Compressed memory is the only major storage feature in OS 10.9 Mavericks. Here's what it is and how well it works.
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Storage and upgrade vendor Other World Computing took another look at the memory limits in some late 2008 Core 2 Duo MacBook and MacBook Pros and found that a specific blend of updated firmware, Boot ROM and OS versions will let the notebooks handle a 8GB RAM upgrade.
According to reports, support for the TRIM command used by modern solid-state drives (SSD) will arrive with the release of Mac OS X Lion, aka Mac OS X Version 10.7. The software improves the write performance of the flash memory and can also reduce wear on the memory cells.
It looks as though a dozen or so American businesses will be giving Google's new attempt at the network computer a serious trial. Taiwan-based DigiTimes reports that Inventec has "already shipped about 60,000 Chrome OS-based netbooks to Google" for the pilot programme announced yesterday (see Google: Chrome OS netbooks coming in mid 2011).
The BB Bold 9700 is a great QWERTY keyboard device and the new Bold 9780 builds on that with the new BB 6 OS, more memory, and an upgraded camera.
The BlackBerry Curve 3G is not a big advance. The screen resolution could be better, and we'd appreciate more internal memory. It brings the Curve range up to date, but would have more impact with BlackBerry OS 6 preinstalled.
Windows 7 bought with it the increased popularity of 64-bit operating systems on the desktop, replacing the older, memory-constrained 32-bit platform. But just because your system can handle a 64-bit OS doesn't mean that you're ready for 64-bit Office 2010.
Honestech, a digital media software company, has just released FOTOBOX Plus, a USB device that enables the creation of multimedia slideshows from photos and videos. The gadget contains an integrated memory card reader and embedded PC software (thus, not compatible with Mac OS) with Flash memory, which can automatically run without any installation.
One of my favorite applications from way back when I had Palm OS devices was BugMe! This application allowed me to capture handwritten notes and set custom alarms. Today, we see that Electric Pocket released a version of BugMe! for BlackBerry devices and brings that same functionality we saw over 10 years ago, along with improvements reflecting today's technology. BugMe! for BlackBerry is available in the BlackBerry App World store for $2.99 and there is a free "3 note" trial available.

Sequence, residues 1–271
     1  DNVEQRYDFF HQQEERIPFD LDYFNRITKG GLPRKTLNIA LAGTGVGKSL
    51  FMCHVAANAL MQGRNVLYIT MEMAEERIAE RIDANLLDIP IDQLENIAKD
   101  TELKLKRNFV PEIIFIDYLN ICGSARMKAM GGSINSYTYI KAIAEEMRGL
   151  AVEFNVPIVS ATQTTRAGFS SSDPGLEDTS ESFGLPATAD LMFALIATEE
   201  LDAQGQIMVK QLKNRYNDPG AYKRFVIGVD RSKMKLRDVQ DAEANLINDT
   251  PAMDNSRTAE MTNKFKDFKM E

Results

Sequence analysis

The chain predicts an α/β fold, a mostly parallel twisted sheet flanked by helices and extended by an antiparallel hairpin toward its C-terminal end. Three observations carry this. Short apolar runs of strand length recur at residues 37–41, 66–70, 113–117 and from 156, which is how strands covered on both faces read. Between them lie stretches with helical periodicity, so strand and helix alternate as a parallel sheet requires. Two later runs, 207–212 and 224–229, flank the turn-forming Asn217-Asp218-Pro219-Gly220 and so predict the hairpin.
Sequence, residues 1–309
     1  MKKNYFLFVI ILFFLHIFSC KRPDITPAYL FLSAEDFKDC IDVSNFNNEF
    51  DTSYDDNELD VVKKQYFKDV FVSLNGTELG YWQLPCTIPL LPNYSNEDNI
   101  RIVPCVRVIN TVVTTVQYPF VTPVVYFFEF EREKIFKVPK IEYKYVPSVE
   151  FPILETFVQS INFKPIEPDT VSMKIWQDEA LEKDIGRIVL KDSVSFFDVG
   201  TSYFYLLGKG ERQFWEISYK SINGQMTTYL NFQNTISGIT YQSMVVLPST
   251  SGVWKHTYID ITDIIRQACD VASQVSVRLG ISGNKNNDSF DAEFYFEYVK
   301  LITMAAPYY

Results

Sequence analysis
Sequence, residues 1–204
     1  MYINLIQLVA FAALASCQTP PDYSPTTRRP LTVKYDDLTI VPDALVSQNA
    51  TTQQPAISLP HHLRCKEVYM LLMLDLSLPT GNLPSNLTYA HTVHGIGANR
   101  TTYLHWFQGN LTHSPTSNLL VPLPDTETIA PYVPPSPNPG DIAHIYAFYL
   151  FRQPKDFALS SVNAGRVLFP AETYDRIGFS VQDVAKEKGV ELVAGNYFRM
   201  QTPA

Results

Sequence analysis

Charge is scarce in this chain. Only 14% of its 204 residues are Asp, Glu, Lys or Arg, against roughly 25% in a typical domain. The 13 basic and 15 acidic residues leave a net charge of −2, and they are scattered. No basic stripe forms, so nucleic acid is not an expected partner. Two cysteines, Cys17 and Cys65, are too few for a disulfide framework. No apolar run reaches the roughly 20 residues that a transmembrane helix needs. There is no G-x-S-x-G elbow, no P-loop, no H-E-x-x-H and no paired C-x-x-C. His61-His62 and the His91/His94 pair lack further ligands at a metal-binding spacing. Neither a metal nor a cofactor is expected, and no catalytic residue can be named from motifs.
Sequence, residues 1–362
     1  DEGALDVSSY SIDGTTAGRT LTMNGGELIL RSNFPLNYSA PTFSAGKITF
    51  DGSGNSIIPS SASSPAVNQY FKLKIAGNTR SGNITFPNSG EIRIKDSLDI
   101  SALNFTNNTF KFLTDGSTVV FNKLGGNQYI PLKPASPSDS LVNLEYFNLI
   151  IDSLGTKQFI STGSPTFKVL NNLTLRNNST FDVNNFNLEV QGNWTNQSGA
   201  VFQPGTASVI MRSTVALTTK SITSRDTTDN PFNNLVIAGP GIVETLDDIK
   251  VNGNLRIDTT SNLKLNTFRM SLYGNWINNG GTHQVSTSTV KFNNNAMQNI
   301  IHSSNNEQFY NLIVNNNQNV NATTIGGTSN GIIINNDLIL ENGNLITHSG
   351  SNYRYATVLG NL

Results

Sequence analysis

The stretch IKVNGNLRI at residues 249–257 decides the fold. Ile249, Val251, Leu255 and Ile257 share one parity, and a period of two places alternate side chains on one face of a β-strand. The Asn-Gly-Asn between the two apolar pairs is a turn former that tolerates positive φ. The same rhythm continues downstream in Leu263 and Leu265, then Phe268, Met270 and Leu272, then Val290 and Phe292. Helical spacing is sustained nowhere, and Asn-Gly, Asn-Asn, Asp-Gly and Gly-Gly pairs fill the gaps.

While the maximum RAM limit for 32-bit Windows 7 editions is 4GB, when it comes to 64-bit editions, the amount of memory that the OS can address depends on which edition you are running.
My mobile device history dates back to 1997 with my US Robotics Pilot 1000 and I still have a few Palm OS applications that I enjoy using. If you have Palm OS applications that you still need to run and now have moved onto S60, UIQ, or Windows Mobile you can use StyleTap and still use most Palm applications. The Symbian (S60 and UIQ) version has been in closed beta for some time and according to the Symbian Guru the S60 version was just made available for trial and purchase (US$49.95).
Now that I have a recent-vintage MacBook for testing, I'm finally able to make some head-to-head comparisons between OS X and Vista. Because this system has a mere 1GB of RAM, I was curious to get a sense of how thrifty OS X Leopard is when it comes to memory usage. Vista gets a bad rap for demanding huge amounts of resources. Is that reputation fair or accurate? I put both systems to the test so I could see for myself. The results were surprising.
Our pals over at ZDNet Germany have released an overclocking tool for the Mac Pro and Xserve that raises the speed of the processor, front side bus and memory – all without opening the case. Although tons of overclocking tools are available for Windows, up until now, little if any have been available for the Mac OS.